We're the rail industry leader in intermodal transportation, which involves freight in trailers or containers that are interchanged with trucks or ships.

We were a pioneer in the use of intermodal transportation and are still the rail industry leader. Once called "piggyback," this type of transportation involves freight in trailers or containers that are interchanged with trucks, ships or other modes. Our intermodal service contributes to the reduction of traffic congestion and vehicle emissions. One BNSF intermodal train can take several hundred trucks off the highways, reducing congestion and emissions.

Truck trailers or cargo containers from ships are loaded directly onto railcars. We transport them between intermodal facilities or "hubs." The freight is then picked up and trucked to its final destination.

A significant percentage of intermodal freight starts overseas, including from Asia, although we also have a substantial domestic intermodal business. Intermodal transportation is very efficient, because the freight is loaded only once at its origin into a container or trailer and unloaded only once at its destination. This approach reduces cargo handling, improves security, reduces damages and losses, and allows freight to be transported more quickly and reliably.

Conventional or "Hitch" flatcars

The first type of intermodal flatcars haul truck trailers on 89-foot conventional flatcars or articulated spine cars often referred to as "hitch" equipment denoting the hitch requirement for the truck to pull the trailer over the road. Additionally, these cars can handle containers when equipped with a chassis under the container for over-the-road movement when unloaded at an intermodal hub facility.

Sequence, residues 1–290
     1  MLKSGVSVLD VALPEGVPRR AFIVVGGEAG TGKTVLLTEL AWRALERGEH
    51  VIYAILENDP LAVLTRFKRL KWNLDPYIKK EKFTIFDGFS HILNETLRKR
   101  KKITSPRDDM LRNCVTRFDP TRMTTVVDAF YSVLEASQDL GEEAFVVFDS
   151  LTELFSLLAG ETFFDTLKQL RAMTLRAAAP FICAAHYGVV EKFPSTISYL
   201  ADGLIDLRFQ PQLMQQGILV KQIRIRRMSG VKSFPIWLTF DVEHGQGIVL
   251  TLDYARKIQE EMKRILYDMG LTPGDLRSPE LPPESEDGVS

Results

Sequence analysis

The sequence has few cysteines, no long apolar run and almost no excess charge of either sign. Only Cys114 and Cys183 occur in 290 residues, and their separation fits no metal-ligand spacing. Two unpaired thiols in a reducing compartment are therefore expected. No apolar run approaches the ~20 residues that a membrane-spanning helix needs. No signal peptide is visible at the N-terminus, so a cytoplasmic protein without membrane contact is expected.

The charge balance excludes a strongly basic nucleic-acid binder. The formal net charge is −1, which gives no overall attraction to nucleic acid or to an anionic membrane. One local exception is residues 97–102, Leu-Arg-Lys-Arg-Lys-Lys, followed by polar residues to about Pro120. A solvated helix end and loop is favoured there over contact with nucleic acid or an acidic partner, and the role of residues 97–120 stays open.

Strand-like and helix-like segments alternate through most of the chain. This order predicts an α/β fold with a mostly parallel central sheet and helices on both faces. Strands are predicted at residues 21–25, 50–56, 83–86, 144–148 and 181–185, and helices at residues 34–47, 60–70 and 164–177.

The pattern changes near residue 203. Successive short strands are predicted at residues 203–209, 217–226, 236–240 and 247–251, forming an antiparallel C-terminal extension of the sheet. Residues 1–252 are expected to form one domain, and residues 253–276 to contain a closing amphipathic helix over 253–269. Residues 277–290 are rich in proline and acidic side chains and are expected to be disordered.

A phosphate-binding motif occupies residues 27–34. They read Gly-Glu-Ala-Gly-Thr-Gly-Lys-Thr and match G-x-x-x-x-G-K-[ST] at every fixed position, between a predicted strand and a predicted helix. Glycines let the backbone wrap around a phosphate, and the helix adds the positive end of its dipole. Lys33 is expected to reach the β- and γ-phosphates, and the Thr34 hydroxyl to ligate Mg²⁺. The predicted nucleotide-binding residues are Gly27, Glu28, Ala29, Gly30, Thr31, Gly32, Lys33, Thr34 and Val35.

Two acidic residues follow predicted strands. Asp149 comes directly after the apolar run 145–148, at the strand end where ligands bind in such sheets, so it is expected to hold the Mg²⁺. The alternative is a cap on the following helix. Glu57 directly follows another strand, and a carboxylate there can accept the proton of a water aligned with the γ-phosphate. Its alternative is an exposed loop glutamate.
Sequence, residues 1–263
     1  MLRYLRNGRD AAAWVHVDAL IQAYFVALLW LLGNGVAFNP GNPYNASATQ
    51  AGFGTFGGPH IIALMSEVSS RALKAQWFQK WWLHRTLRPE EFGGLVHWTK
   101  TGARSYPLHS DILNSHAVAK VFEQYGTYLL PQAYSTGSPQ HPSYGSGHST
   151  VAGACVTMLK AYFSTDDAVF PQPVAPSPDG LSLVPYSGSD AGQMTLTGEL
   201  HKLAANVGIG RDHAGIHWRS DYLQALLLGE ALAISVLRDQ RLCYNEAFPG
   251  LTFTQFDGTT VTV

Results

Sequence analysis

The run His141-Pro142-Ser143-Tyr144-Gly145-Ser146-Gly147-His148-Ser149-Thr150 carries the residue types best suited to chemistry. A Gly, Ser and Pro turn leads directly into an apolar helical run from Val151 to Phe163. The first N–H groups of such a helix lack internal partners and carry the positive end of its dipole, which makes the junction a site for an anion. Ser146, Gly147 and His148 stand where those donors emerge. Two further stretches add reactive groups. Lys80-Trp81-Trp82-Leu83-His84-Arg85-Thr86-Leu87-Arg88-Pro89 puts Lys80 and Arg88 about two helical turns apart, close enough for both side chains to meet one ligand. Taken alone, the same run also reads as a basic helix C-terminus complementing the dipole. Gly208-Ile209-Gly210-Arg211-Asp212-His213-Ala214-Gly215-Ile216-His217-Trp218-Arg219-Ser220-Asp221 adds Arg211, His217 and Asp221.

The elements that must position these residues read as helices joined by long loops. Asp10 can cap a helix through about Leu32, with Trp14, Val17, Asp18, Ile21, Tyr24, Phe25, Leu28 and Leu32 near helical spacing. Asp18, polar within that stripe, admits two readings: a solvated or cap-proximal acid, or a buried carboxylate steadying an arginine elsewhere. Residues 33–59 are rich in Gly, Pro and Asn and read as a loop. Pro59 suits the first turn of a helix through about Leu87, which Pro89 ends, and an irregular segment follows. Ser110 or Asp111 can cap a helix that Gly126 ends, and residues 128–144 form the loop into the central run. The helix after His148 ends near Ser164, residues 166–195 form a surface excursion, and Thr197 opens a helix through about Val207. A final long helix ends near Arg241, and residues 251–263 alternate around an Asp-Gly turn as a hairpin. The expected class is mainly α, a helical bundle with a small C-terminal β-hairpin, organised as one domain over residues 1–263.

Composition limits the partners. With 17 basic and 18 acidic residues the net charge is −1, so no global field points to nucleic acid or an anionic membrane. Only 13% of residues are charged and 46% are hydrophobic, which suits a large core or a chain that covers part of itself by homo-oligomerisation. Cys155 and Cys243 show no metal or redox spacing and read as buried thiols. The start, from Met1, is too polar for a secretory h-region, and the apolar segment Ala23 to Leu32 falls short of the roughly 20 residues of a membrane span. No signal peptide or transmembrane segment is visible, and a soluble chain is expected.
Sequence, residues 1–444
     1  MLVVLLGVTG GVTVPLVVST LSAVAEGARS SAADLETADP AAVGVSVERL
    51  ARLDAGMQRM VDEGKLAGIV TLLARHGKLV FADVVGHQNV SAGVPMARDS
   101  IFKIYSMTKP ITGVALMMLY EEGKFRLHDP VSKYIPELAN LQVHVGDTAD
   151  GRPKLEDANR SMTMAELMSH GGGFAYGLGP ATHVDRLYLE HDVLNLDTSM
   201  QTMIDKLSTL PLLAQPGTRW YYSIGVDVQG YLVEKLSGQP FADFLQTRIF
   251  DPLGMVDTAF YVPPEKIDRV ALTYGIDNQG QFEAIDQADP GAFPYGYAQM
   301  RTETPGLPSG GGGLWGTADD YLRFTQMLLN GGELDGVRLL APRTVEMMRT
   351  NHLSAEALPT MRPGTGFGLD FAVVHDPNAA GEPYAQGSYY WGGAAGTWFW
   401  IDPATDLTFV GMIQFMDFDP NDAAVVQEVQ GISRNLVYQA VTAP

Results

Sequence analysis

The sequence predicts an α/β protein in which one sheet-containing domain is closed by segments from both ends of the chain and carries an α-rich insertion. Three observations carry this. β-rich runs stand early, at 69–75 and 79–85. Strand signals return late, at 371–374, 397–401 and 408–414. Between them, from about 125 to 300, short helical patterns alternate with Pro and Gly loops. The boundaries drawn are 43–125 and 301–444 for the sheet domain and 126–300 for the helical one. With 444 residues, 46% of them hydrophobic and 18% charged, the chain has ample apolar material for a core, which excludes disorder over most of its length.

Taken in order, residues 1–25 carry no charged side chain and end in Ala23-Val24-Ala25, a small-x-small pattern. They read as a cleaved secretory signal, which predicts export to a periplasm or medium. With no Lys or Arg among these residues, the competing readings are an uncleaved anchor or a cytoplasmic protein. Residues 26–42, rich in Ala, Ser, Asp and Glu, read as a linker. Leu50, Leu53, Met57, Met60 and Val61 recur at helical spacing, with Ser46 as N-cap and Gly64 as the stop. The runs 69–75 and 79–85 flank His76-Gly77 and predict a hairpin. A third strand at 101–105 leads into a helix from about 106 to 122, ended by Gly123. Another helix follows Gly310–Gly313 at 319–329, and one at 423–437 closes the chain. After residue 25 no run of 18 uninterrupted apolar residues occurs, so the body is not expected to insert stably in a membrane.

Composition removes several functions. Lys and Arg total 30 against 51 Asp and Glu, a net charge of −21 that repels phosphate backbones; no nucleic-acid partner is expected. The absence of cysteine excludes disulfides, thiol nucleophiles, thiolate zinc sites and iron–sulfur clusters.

Three-pack and five-pack well cars

An intermodal railcar having wells between its trucks (wheel assemblies) that hold freight containers are referred to as "three-packs" or "five-packs" depending on the number of wells.

The containers can be double-stacked, which means up to 10 containers can be carried on one railcar. Containers on well cars can be 20, 40 or 53 feet in length. The 20 and 40 foot containers are referred to as steamship containers for international traffic while the 53 foot containers are typically for domestic freight.

End-of-train device

A small mounted device at the end of the train performs some important functions.

The device has a high visibility marker, a bright light to show other train crews where the end of the train is.

It measures the brake pipe pressure at the end of the train and transmits the information to the locomotive cabin, where the crew can see it. It also has a motion detector to tell the crew whether the end of the train is moving. A locomotive starting to pull a long train can move a good distance before the last car moves, so the motion detector lets the crew know the progress of the entire train.

The end-of-train device can actively assist with emergency braking. Pressure is dropped from the brake line at both ends of the train to activate the brakes, resulting in much faster deceleration than if the brakes were applied only at the front.

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